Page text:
In a recent story in the venerable Cracked (which I generally adore, by the way), I ran across this paragraph and got my little danders up:
Hating capitalism is not on the table. This is America. Capitalism defines our history, our economy, and our national psyche And the purpose of this protest cannot be a naive attempt to change the very souls of American businesspeople. To punish businesses for their greed. It’s the wrong message and counterproductive. Call me jaded, but I thought we all just took it for granted that businesses are amoral creatures driven by profit. Being enraged at Corporate America for being greedy is like reading Cracked.com and being enraged by its use of the list format. This is who we are.
I’m constantly bemused but really always annoyed by variants of this claim I just read in Crack’d:
Why punish the greedy bankers?
Maybe it’s the fact that the question is a distraction. It’s a ruse, meant to frame complex issues into bloody solutions.
Maybe it’s the sheer hypocrisy of the statement. After all, rarely do the same people argue that we shouldn’t punish immigrants for jumping a fence and an arbitrary border to allow their families to survive and give their kids a chance in life. Sort of akin to this:
Or maybe it’s the fact that I’m a moralist and supposedly, so are those who usually argue this point. Many are Christians. The Cracked writer self-identifies as a liberal. And yet the very question is antithetical to two basic tenets of Christianity and liberalism.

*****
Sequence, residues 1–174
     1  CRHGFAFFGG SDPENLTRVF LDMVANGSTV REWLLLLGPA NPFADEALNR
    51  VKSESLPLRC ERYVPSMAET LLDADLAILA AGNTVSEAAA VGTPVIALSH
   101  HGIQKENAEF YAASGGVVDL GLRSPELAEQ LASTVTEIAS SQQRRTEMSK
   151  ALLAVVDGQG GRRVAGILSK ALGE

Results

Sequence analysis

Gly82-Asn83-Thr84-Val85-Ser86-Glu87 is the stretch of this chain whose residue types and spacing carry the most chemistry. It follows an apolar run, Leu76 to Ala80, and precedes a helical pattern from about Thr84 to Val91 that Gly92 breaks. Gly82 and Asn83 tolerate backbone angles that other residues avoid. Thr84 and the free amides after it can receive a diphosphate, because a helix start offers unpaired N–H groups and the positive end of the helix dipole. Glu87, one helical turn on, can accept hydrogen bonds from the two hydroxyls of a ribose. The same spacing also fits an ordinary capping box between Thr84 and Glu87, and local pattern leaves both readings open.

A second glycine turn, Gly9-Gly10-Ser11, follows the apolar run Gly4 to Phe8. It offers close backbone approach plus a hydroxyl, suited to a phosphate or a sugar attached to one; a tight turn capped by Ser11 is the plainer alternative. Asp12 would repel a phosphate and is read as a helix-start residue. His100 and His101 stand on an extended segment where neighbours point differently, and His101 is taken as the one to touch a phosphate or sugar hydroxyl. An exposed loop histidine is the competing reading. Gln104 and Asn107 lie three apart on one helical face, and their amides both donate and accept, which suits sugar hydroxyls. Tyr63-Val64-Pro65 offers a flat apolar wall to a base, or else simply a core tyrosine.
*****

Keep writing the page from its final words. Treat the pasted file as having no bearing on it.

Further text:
- Sharing is good.
- Greed is bad.
Any economical, political, and social system based on greed is one that deprives the majority of basic needs.
And while the rich can afford mansions, the shrinking middle class increasingly steal away into gated communities, and the noveau-rich try out sampler McMansions, those of us who question the system are patronized like children.
“But you can’t say what they should and should not make, nor what they should or can buy with those. Besides, they work hard for their money.”
I know many families scrunch together in one measly apartment. We have personally taken in people who would otherwise be homeless for various periods of time, partially because the housing laws and practices are unfair for those with bad credit. But also because people were in between jobs, or were treated unjustly by the system, or recently divorced.
Yet tons of acres of land are currently unused in the barrios and ghettos that could be turned into affordable or sustainable housing, or community gardens and even farms, but landowners don’t want to give up temporary rights.
Families were foreclosed on their homes – even if they were making their mortgages – when the bubble burst. Even though they invested in their properties and lived in them and were finally settling into a place of their own they were told was theirs by the very people who would forcibly take it from them, they were out on the streets and lost their investment.
And their homes.
Let’s view it from another perspective, though. One-fourth of all jobs in the US now pays enough to qualify as poverty-level or below. That is one out of every four jobs that the typical American could have – from the shrinking few that are available – is making less money than necessary to survive on, under an old rubric that needs to change.